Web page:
What mathematical equations do we need to describe, model, and predict mitochondria dynamics and their impact on bioenergetics? Mitochondria provide the energy our cells need to sustain life. Over the last 5 years we have seen some exciting new data illustrating that mitochondria form networks that are dynamic and seem to adapt to the cell’s energy needs. Uncovering the principles of mitochondria organisation and function will help us find mechanistic drug targets related to mitochondria and bioenergetics to treat heart disease, neurodegenerative diseases, and more.
A third research question is a broader question within the lab within which the above two questions reside. How does the cell’s internal architecture, the sub-cellular organisation of organelles, affect cell and tissue function? For a long time, mathematical biology and systems biology has viewed cells as bags of chemicals. While this is certainly a good approximation that enables us to describe and predict large-scale chemical interactions, we are yet to understand the hidden role of cell architecture. We believe that the architecture itself defines signalling cross-talk because many types of information exchange happen at the intersection of sub cellular structures. For example, apoptosis is regulated at the interface of the ER and mitochondria via calcium.
What makes you passionate about your work?
Cells are just so cooool! But seriously, the complexity of cell biology and the fact that computational modelling can help you dissect this complexity really satisfies me. Over time I have been fortunate to find collaborators and mentors in physiology and molecular biology who enhance my group’s work. Working with them on big questions to advance scientific knowledge and improve health outcomes makes this job exciting and fun.
What is a typical work day/week like?
A typical work day for me right now is to help 3 students finish their Ph.D. I am writing a review on 3D cell modelling that has given me the opportunity to think about where the research needs to go. I have a couple of papers from students that need to be reviewed and sent off. I am also interviewing people to fill positions for Ph.Ds in my lab.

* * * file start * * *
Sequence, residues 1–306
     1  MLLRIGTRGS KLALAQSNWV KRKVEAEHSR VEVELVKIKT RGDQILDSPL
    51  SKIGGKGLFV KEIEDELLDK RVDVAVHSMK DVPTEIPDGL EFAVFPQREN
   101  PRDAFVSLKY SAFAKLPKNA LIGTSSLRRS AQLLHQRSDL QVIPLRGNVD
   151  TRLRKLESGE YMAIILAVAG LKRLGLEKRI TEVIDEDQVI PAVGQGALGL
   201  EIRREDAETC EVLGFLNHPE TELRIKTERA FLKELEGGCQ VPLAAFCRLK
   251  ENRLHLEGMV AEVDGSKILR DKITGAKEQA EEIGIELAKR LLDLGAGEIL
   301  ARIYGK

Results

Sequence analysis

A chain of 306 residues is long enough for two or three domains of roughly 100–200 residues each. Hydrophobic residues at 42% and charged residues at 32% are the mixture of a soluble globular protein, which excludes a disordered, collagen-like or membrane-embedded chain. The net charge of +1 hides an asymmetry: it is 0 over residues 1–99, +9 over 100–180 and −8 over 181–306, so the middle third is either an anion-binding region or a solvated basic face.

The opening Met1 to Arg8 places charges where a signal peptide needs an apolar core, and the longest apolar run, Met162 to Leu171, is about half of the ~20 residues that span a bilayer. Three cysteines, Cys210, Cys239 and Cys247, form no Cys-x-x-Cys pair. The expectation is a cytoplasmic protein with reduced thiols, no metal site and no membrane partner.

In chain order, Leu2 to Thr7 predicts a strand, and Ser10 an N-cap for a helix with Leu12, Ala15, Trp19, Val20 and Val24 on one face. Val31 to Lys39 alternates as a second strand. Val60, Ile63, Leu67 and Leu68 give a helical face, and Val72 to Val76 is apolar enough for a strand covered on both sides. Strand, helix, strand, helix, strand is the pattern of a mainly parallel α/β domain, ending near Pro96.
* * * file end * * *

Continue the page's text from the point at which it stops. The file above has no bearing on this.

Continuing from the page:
Do you have any advice for someone considering a career in mathematical biology?
Your research environment is very important. This includes having a mentor who knows the value of your work. It also includes the types of experimental work going on in your environment. There should be experimental work that enables your mathematical biology modelling. Hopefully there are enough projects going on at the interface of biology and math biology that you won’t have to convince someone in that environment for collaboration. If you do find yourself in an environment where there is very little of what you need going on, don’t worry. Find your partners in crime wherever they may be and create your virtual environment. You can make it work.
The best collaborations are with people who you just enjoy having a chat with.
Never lose sight of writing papers or contributing to them. Grants are not in your control but finding collaborators, doing deep work, and writing them into papers are in your control. With mathematical biology we have an advantage of being able to do work at relatively lower cost to pure experimental science. Keep chipping away at the fundamentals of doing good science with good people and publishing them in good journals.
What do you like to do in your spare time outside of work?
In a parallel life I wish I could be a standup comedian. I dabbled in it for 2 years at the start of my postdoc career but realised that I would need to dedicate to it the level of focus that I need to do for science. So, I just write little jokes on my Facebook profile status update to keep me entertained. Here’s one that I posted recently:
“My robot vacuum cleaner, iRoomba is so thorough…ly dumb. Not only does it bang against walls to find its way around, today it tried to vacuum my daughter’s doll house! Even the doll slapped its forehead in disappointment.”
I also love hanging out with my two kids and partner as they help me gain new experiences in life. I have a small goldfish aquarium and I sometimes watch Bharathnatyam dancing on YouTube. Two things that I would never have been interested in before kids.